looks as if wo should have to got our
silver dollars coined In Philadelphia a
few years longer. It is sad , but wo
presume Omaha will survive.
TIIKEB hundred and eighty-six
, farmers' alliances ore now working in
this state , and scarcely a week passes
without additions to fliq number.
The railroads have beeF given duo
notice , and will probably govern
ihotnsolvos accordingly.
SENATOR SAUNDEKS has introduced
a bill into the senate making Omaha
a port of delivery. The Union Pacific
bridge monopoly has boon forcing
Omaha to stand and deliver for the
lost nine years.
> Lr wo are to believe tbo San Fran
cisco Call , ox-Senator Sargent waa
beaten for the interior department by
the Indian rings and land grabbers.
No one who knows Mr. Sargent's old-
time leanings toward land grabs will
credit this statement for a moment ,
raid on the American
hog having failed ho has now attacked
the American ham and classes it as
cotton goods on account of the wrap
per whicli encloses it , On the s&mo
principle our government ought nt
once to retaliate by classing German
oauiagca as old skins.
MlllIC DlWNELL , of
Minnesota , Booms to have boon made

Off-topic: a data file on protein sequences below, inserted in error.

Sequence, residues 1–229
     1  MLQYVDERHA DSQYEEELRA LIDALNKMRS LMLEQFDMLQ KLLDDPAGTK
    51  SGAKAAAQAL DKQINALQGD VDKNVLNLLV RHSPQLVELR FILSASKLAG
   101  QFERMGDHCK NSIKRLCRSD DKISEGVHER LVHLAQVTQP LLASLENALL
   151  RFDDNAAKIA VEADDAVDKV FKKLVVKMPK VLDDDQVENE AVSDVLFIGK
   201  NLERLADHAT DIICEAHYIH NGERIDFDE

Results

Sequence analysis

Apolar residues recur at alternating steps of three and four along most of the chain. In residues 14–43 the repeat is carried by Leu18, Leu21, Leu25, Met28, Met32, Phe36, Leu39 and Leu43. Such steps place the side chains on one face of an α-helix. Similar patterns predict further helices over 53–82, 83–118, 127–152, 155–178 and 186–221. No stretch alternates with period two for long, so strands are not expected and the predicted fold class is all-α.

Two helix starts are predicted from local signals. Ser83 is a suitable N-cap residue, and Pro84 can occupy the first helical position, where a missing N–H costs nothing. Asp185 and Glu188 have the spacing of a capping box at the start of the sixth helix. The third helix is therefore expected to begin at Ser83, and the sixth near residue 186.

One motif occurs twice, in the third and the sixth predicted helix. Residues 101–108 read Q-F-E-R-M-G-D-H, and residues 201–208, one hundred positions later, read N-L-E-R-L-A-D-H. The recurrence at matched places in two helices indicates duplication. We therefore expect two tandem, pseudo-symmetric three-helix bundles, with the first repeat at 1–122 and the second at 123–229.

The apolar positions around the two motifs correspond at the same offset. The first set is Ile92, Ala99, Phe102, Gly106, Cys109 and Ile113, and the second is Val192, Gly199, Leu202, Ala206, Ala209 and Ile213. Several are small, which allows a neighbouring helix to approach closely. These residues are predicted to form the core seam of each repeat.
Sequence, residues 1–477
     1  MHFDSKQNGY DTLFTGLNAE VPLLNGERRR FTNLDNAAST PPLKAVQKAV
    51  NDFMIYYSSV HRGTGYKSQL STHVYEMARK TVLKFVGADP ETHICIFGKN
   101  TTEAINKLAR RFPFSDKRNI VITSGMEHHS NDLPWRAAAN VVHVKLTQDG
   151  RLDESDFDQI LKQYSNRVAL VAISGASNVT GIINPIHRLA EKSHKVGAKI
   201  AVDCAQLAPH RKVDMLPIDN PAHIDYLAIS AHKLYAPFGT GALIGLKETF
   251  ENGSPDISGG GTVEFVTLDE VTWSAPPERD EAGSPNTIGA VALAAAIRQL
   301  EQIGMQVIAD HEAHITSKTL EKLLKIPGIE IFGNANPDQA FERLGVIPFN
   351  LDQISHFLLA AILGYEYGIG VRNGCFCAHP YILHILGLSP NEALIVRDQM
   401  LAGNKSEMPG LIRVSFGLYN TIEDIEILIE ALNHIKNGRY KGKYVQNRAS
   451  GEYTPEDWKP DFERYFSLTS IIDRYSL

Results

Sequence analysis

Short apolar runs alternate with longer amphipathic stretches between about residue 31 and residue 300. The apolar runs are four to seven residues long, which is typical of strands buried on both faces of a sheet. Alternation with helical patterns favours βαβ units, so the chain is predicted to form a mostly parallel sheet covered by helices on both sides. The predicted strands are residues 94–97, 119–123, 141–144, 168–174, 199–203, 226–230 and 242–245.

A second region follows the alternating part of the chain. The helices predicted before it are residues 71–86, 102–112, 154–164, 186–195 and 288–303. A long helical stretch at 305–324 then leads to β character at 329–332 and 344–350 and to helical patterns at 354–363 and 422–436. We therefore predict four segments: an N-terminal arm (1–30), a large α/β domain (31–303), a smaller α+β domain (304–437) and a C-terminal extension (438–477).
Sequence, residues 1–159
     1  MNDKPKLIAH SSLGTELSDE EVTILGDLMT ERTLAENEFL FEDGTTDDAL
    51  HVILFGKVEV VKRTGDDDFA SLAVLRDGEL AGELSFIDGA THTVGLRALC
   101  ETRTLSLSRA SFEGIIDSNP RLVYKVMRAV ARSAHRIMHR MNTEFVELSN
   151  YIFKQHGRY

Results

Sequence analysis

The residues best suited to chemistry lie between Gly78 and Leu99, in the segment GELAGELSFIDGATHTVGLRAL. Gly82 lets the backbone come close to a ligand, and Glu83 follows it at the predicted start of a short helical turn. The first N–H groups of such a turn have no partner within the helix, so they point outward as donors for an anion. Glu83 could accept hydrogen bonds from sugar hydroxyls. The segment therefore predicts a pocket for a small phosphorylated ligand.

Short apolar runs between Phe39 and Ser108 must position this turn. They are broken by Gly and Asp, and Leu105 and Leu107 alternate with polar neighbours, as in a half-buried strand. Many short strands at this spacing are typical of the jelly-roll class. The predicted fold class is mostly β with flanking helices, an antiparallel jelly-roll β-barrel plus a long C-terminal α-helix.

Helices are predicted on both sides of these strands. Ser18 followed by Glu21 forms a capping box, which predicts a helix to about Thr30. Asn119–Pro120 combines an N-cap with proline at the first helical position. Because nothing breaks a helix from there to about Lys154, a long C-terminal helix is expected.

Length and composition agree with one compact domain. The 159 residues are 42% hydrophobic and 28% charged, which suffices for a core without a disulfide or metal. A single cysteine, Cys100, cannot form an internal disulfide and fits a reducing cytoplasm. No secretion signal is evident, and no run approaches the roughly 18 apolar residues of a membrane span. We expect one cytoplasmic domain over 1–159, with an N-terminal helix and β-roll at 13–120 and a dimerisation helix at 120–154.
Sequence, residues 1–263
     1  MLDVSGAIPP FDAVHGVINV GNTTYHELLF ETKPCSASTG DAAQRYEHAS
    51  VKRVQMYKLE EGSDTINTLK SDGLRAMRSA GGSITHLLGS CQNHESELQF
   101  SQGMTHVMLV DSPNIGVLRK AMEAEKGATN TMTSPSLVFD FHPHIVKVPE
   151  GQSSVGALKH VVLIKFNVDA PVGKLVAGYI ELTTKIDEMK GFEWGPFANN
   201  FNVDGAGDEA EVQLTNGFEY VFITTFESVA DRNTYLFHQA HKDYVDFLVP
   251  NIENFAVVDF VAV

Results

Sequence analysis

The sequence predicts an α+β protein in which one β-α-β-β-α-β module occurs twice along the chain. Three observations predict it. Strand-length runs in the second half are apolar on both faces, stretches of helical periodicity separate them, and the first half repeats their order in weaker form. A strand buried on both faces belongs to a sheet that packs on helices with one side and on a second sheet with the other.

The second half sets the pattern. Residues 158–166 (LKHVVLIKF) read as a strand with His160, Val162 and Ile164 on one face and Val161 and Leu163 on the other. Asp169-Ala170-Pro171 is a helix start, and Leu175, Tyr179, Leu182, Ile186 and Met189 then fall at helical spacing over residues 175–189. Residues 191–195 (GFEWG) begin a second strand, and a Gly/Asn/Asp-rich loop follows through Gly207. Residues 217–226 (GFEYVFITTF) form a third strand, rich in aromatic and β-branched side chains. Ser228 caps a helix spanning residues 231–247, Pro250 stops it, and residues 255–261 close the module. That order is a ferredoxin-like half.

the victim of a clover forgery , Borne
weeks ago a letter WM given to the
proas which announced Mr , Dunnell
aa actively canvaasing for the ouccea-
iiiou Of Senator Witidom. The letter
was eignod with ofr DunneU'a name
and purported to bo a confidential
communication to a penonal friend.
It created a genuine sensation' in
Jliiineaota political circles , especially
Atnoner Mr , Punnoll'a coiuititueata ,
. . '
, - .T * >
CAPTAIN EADS and his trained corps
of lobbyists are jubilant over their
prospect of another successful raid on
Uncle Sam's treasury.
The senate commlttoo on commerce
have decided to report favorably on
End's gigantic subsidy scheme the
Tchuannpcc ship railway for which
the government is to advance its cred
it to the tune of.fifty millions. Ends
and his strikers confidently expect
favorable action for this scheme by
the senate and house , nnd the prevail
ing opinion is that their confidence
is well founded. Captain Ends lias
already pockottcd several millions for
his jetty work nt the mouth of the
Mississippi , and hisoxporioncoin lobby
ing that lucrative job through congress
has enabled him to manipulate the